This issue is perhaps best described by Alex Galarza, Jason Heppler and Douglas Seefeldt in their call to redefine historical scholarship at the 2012 AHA:

“Digital tools are transforming the practice of history, yet junior scholars and graduate students are facing obstacles and risks to their professional advancement in using methods unrecognized as rigorous scholarly work. Their peers and evaluators are often unable or unwilling to address the scholarship on its merits…The disconnect between traditional evaluation and training and new digital methods means young scholars take on greater risks when dividing their limited time and attention on new methods that ultimately may not ever face scholarly evaluation on par with traditional scholarly production.”

Not to be assigning homework for a fun, informal event like THATCamp, but The Journal of the Digital Humanities recently did a good job of explaining what is at stake regarding the assessment and review of digital scholarship, while also providing some solutions and potential guidelines for academic departments and scholars to follow.

Therefore, I propose we talk about promotion, tenure, and peer review as it relates to the various digital projects we and others are pouring our time and mental energies into. If we are feeling up for the challenge, we could even draft a white paper to present to our respective departments that illustrates the merits of digital scholarship and how it might be properly assessed in line with existing disciplinary standards. Sure nothing may come of it, but at least we’ll have made our voices heard.

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Session Proposal: Making DH Community by Making a Community Syllabus

At Marquette, as at many schools, students, faculty, and staff are eager to learn about and get involved in Digital Humanities. And yet questions abound: What is DH, exactly? Is it an area of study? A set of interrelated theories and practices? A movement within—and beyond—the academy? Also, is “Digital Humanities” limited to the Humanities? Can artists and social scientists take part? What about alt- and nonacademics? And how is it “digital,” exactly? What moves it beyond “humanities computing”? Can only “makers” participate? Or does DH have multiple access points and possibilities for contributing?

Clearly, these questions need more than a single conference session to address. They demand at least a semester if not a year (or years!) of study, and they call for crowdsourcing. To that end we propose a collaborative THATCamp MKE session in which participants work together to build a shared syllabus designed to help open dialogue, build knowledge, and expand engagement with DH on participants’ home campuses and in their communities.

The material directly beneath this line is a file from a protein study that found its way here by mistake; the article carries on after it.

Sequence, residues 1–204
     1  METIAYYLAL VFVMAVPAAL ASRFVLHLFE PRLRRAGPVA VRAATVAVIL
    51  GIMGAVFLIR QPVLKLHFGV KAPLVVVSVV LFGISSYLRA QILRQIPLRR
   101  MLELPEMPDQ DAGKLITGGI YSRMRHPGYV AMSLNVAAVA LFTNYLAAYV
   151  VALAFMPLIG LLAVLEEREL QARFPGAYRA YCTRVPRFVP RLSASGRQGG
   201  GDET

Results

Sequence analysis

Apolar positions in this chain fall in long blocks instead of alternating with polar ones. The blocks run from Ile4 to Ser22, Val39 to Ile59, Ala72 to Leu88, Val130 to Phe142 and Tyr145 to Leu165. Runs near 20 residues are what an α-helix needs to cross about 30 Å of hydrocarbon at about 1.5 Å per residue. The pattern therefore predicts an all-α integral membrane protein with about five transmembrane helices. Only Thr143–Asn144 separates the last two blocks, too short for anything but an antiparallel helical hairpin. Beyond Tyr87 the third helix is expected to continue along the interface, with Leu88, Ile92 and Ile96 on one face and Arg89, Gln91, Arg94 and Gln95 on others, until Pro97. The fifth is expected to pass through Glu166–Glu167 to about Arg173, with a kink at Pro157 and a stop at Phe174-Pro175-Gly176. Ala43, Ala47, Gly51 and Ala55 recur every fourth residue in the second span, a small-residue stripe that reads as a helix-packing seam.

The goals: 1) to identify and prioritize topics for approximately 8 months’ worth of inquiry (i.e., an academic year); 2) to build a list of related must-read (or -watch or -listen to) resources; and 3) to compile a list of guests and/or activities, identified both in general (e.g., type of expert, purpose of activity) and specifically (e.g., by name).

The plan: We imagine a session with three parts and one break.

  • Part 1 (5-10 minutes): Everyone individually brainstorms items for 1, 2, and 3.

  • Part 2 (15-20 minutes): In small groups, session participants share, merge, and grow their lists.

  • During the break, groups post their lists via whatever materials are available (e.g., whiteboard, flipcharts, post-Its, Google doc and data projector).

  • Part 3 (time remaining): Working together, the full group further rearranges and refines all three lists.

The possibilities: If this session flies, we hope everyone who contributes comes away with not only usable resources but also a sense of shared community that continues to grow online in sync with and in support of more local efforts.

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Session proposal

I want to propose a Talk session in which THATCampers discuss the issues related to the “best way” to present photographs and video online. The photos and video were gathered in visits to Libya and Syria over the last two years (during their revolutions). What have people used to accomplish this in the past?” What are the most engaging ways this kind of material (photographs and video) can be presented?

Some additional info on my project:
The photographs are of people (portraits), people in demonstrations, fighters, damaged buildings, and of graffiti. The video runs the gamut of topics but much of it is interviews of Libyans and Syrians about their experiences during their revolutions. The graffiti is focused on the “revolutionary” graffiti I found in both places. In Libya much of it was (and all the interviews were) in English. In Syria, most of the graffiti and the interviews are in Arabic. I would like to be able to see, for example, how this material could be used as a project for the Digital Humanities Lab at UWM.